Wednesday, October 27, 2010
There can be few animals that engender in us such an active sense of love, trust and companionship as dogs. Known as man's best friend, they're always pleased to see us and happy just to be with us, whether it's in the car, by the fireside or simply having a stroll.
Amazingly then, to think that these lovely tame animals are, according to DNA research and fossil evidence, descended from wolves and domesticated as little as 15,000 years ago somewhere in East Asia before being taken with the first peoples into North America.
Dogs are social animals
Dogs are social animals able to adapt and fit into almost any social situations we put them into, and this position makes them unique among pets. They are playful, sensitive to our moods and can be trained for a number of specialised roles, such as guide dogs for the blind, hearing dogs, sniffer dogs at airports and hunting dogs.
Dogs are pack animals
One thing that hasn't been bred out of dogs is the pack mentality or pack instinct. This is often interpreted by us to reflect their qualities of devotion and friendship and loyalty, which is also why so many owners see their dogs as family members and why dogs see their owners as human companions and leaders of their pack.
Dogs are intelligent animals
Depending on the breed, dogs can be very intelligent, particularly breeds such as German shepherds, poodles, labradors and retrievers. This quality is often much valued by their owners. As mentioned earlier, their intelligence has led to some breeds being trained to assist society in specialised roles such as avoiding dangerous situations, search and rescue, as guards for sheep and other livestock and law enforcement.
This intelligence, though, isn't always shown in ways we might expect, such as obeying our orders and commands. In some breeds and some dogs, their intelligence is reflected rather mischievously — such as working out how to open doors to get out, how to steal food from the table or how to slip their collars or leads and escape from the back garden. No wonder these animals enjoy a special relationship with us and are loved the world over.
The Breed Categories of Dogs
There are more than 8080 breeds of dogs recognized by kennel clubs around the world. The American Kennel Club (AKC) has assigned all breeds of dogs to one of several main categories:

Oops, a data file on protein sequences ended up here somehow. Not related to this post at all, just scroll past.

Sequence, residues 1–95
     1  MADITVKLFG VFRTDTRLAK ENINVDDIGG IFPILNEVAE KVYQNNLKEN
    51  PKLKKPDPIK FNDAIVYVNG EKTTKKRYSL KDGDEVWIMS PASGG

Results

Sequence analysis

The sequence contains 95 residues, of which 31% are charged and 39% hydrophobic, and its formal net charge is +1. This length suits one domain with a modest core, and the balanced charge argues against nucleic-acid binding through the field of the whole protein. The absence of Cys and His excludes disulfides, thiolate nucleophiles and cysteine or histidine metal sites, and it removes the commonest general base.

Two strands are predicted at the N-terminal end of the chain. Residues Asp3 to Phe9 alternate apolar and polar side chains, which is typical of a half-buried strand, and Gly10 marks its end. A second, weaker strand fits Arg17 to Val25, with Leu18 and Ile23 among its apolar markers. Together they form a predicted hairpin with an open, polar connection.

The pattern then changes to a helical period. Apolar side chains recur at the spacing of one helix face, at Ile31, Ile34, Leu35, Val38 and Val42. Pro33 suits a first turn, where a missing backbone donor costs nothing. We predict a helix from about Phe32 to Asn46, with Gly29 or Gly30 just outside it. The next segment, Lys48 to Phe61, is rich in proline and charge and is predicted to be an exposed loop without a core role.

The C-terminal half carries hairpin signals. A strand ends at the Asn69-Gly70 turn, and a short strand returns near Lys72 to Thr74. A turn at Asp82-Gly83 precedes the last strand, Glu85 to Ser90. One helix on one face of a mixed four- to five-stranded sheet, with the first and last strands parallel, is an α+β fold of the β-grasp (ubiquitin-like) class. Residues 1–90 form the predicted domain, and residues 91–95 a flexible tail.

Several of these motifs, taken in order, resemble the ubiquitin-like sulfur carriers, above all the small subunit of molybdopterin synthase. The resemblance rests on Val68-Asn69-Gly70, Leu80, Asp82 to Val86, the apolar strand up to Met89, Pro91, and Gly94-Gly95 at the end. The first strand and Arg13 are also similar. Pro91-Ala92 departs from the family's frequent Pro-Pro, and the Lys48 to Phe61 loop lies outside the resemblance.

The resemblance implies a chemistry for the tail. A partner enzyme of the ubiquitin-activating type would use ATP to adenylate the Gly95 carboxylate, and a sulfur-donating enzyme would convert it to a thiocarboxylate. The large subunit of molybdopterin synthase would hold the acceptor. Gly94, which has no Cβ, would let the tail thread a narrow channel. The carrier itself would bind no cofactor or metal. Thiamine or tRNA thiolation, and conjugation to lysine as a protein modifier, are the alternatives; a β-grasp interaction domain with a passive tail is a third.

- Sporting Dogs
The sporting dogs include setters, pointers, spaniels, and retrievers, among others. Sporting dogs are those bred to hunt, particularly game birds.
Hounds come in 2 basic types: Scent hounds, who track prey by following scents, and sight hounds, such as the grehound, who chase prey visually.
Scent hounds include basset hounds, beagles, dachshunds, bloodhounds, foxhounds, elkhounds, black and tan coonhounds, and others. Scent hounds frequently have short legs (to keep their nose closer to the ground) and long droopy ears, which help focus the scent toward their noses.
Sight hounds include the greyhound, borzoi (or Russian wolfhound), whippet, afghan, and Irish wolfhound. Most sight hounds are tall and thin, with long legs, slender torsos, and long noses.
- Working Breeds
Working dogs are bred for specific tasks, such as hauling sleds or pulling carts, driving cattle, and as guard dogs. The working breeds include the Newfoundland, bred as a rescue dog, rottweiler, doberman, Alaskan malamute, Great Dane, and schnauzer. Working dogs tend to be large and muscular, with thick undercoats and heavy topcoats that provide protection in all weather.
- Herding Dogs
As might be expected, herding dogs were bred for herding. Herding dogs, which were originally included in the AKC's working dog group, include German shepherds, border collies, Shetland sheepdogs, and Australian shepherds.
Terriers were also originally hunting dogs, but they were used on farms to ferret out and exterminate pest animals, such as rats, mice, and weasels. Terriers come in a variety of sizes, but even the smallest terriers tend to be fierce warriers. Terriers include airedales, staffordshires, border terriers, irish terriers, Australian terriers, and fox terriers.
Toy breeds were bred to serve as companion dogs, particularly for those of the upper classes. They were bred to be small, so that they could sit in laps and be carried easily. Toys have no job except to be friendly and affectionate to their owners. Toys include many small versions of larger working or hunting dogs, such Italian greyhounds and miniature pinschers. Other toy breeds include the chihuahua, shih tzu, yorkshire terrier, pomeranian, toy poodle, and pekingese.
- Non-Sporting Dogs
The non-sporting category of breeds can seem like a catch-all group. This group includes the English bulldog, dalmation, chow, lhasa apso, schipperke, and standard poodle.
Really i love very much dogs.I am planning to get a dog.This is very friendly with man.